Your decision for the previous concern will play a role in planning for IP addresses. You need to ensure that the nodes that will occupy the additional frame will have IP addresses. If you are using a netmask that limits the number of addresses you can have, you can either modify your netmask to free up addresses or you can use a different subnet.

  7. System Partitioning

    If you have a partitioned switched system, and the new frame is a non-switched expansion frame, you might not need to re-partition, because partitioning for a switched system assumes the maximum number of nodes are present; so the nodes in the non-switched expansion frame are already accommodated. However, at this point you might decide you do not like where the new nodes have implicitly resided, in which case you must re-partition.

    If the new frame has its own switch, then you are increasing the number of switches in the system. If your system is partitioned, in this case you will need to re-partition the system because partitioning had not previously accounted for these new nodes.

    If you have a partitioned switchless system, you must re-partition, because partitioning in this case is based on the number of nodes actually installed.

Scenario 2-A: Adding a non-switched expansion frame to the sample SP Switch system

See Node placement with the SP Switch, particularly Figure 15, for the specifics on valid node placement, and Chapter 7, Planning SP system partitions for more information on assignment of nodes to switch ports.

Consider Frame 1 of the Sample SP Switch System. It has only 5 nodes so 11 node switch ports are available for other nodes to use. Given Frame 1's configuration, 8 ports are actually set aside for Frame 1 so 8 ports are available for expansion frames. Frame 2 uses only 3, but reserves at least 4. Specifically, Frame 2's nodes are located such that a second expansion frame of 4 nodes is valid. You can insert a Frame 3 with up to 4 nodes and cable all these nodes to Frame 1's switch.

Therefore, you need to accomplish the following:

  1. Install the new hardware, and attach the new frame to the control workstation via a 232 port.
  2. Cable the new nodes to the Frame 1 switch.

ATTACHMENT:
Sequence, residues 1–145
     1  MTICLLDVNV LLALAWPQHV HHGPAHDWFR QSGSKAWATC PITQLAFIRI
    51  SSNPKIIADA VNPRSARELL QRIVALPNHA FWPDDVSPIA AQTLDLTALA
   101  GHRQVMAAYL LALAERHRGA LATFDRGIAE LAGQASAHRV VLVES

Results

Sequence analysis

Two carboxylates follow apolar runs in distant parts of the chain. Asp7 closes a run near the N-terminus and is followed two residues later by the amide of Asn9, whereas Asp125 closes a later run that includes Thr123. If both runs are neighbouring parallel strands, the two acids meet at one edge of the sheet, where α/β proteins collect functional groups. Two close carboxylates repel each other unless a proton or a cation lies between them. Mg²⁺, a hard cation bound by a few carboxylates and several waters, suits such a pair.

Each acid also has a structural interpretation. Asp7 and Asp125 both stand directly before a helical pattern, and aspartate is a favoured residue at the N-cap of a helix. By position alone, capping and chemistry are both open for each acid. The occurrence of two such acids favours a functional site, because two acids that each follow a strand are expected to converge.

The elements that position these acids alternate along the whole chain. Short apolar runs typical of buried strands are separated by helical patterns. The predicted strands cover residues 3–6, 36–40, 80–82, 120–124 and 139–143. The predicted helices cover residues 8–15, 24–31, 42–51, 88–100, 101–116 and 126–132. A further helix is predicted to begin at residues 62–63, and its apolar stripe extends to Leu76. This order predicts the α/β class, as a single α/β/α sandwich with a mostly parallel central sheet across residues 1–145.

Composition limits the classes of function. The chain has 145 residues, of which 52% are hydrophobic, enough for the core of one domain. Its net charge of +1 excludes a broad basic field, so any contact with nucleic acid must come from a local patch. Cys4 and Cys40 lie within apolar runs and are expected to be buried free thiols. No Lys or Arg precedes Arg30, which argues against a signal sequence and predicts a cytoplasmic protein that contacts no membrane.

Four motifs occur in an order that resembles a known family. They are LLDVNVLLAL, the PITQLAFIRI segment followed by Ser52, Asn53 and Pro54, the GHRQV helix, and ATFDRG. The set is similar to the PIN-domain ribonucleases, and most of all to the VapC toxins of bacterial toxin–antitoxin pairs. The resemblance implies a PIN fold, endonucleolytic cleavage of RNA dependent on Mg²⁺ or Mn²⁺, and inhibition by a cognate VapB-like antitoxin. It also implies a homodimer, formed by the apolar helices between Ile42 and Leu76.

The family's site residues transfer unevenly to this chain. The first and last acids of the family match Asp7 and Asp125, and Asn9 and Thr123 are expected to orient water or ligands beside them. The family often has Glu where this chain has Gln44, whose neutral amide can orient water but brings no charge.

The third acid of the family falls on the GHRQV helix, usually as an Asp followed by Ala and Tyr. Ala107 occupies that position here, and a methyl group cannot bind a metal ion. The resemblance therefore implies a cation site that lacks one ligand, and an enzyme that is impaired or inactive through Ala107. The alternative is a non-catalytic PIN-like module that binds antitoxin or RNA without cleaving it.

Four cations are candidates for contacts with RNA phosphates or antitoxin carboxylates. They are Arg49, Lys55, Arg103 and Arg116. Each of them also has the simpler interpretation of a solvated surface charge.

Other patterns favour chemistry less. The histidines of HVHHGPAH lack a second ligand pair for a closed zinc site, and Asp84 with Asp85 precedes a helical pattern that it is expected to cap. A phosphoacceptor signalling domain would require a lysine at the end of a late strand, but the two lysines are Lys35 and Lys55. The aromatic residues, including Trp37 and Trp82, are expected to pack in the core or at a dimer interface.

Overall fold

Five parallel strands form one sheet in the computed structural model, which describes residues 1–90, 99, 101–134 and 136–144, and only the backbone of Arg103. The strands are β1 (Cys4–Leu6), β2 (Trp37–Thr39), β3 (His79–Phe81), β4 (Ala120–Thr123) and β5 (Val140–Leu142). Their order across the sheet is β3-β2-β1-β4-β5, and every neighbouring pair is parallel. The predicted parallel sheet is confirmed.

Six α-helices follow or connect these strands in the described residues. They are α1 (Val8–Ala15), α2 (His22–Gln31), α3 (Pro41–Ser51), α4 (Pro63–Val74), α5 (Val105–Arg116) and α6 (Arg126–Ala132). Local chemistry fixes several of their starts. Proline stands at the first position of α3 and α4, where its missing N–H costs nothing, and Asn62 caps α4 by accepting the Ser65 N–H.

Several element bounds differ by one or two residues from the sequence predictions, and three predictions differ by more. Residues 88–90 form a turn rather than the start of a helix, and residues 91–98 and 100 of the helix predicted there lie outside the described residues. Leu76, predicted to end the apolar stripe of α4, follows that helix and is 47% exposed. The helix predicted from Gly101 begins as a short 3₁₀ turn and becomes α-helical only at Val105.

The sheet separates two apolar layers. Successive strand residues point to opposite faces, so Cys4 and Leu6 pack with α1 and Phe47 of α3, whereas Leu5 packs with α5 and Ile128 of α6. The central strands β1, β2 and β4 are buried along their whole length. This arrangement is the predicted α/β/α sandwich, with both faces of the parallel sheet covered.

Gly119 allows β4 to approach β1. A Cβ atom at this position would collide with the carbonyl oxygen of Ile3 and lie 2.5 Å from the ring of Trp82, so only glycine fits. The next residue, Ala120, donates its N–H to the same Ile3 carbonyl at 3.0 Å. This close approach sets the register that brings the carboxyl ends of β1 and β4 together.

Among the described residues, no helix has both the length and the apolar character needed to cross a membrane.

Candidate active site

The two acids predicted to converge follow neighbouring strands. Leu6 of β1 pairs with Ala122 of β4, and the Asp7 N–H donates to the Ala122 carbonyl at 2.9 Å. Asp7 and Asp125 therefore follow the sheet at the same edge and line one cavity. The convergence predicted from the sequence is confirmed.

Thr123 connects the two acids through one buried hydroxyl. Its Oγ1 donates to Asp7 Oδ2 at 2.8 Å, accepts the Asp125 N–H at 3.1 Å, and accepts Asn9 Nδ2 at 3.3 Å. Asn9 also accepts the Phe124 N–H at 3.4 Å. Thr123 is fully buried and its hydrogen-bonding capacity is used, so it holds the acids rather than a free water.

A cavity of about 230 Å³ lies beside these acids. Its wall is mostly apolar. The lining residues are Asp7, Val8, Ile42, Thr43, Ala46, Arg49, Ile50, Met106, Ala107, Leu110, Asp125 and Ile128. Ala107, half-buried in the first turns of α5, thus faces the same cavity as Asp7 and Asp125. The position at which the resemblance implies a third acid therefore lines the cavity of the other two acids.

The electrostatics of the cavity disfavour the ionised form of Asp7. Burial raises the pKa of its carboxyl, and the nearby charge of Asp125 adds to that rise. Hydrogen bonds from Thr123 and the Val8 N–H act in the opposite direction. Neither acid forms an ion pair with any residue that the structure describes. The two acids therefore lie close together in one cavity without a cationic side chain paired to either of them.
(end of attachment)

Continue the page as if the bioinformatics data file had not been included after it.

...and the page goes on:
3. Run the spframe command to establish the SDR entries for the new nodes.
  4. Enter the new nodes' network data into the SDR.
  5. Install the software on the new nodes using a mksysb image.
  6. Perform post-install customization.
  7. Bring the new nodes up on the switch by using the Eunfence command.
  8. Perform installation tests.

Scenario 2-B: Adding a frame at the end of the sample SP Switch system

For the Sample SP Switch System, you could add a Frame 5 which is a non-switched expansion frame for Frame 4. Frame 4's switch has several unused ports and Frame 4 has only 4 nodes located such that Frame 4 can be expanded by as many as 3 frames. So, Frame 5 would be the first of these expansion frames. This expansion would be done like that in Scenario 2-A.

Alternatively, you might want to add a frame after Frame 4 which has its own switch. Given the preceding discussion, you might want to designate the new switched expansion frame as Frame 8 (or 6 or 7). You should do this to reserve space for non-switched expansion frames to come later. This case is more complicated, because you are adding a new switch, thereby changing an important part of the system. The following modifications must be made to the 2-A list:

Scenario 2-C: Adding a frame in between two existing frames

Suppose you wanted to insert a frame between Frames 1 and 2, where this new frame will also be a non-switched expansion frame to Frame 1. To accomplish this expansion, first delete Frame 2 from the system, then add Frame 2 (the new frame) and Frame 3 (the previous Frame 2) to the system. Note that the old Frame 2 nodes will be rebuilt as Frame 3 nodes. You must:

  1. Save mksysb images of the original Frame 2 nodes; one image per unique node.
  2. Use the spdelfram command to remove Frame 2 configuration data from the SDR.
  3. Add the new Frame 2 as in Scenario 2-A above.
  4. Add the new Frame 3 as in Scenario 2-A, using the newly saved mksysb images as appropriate.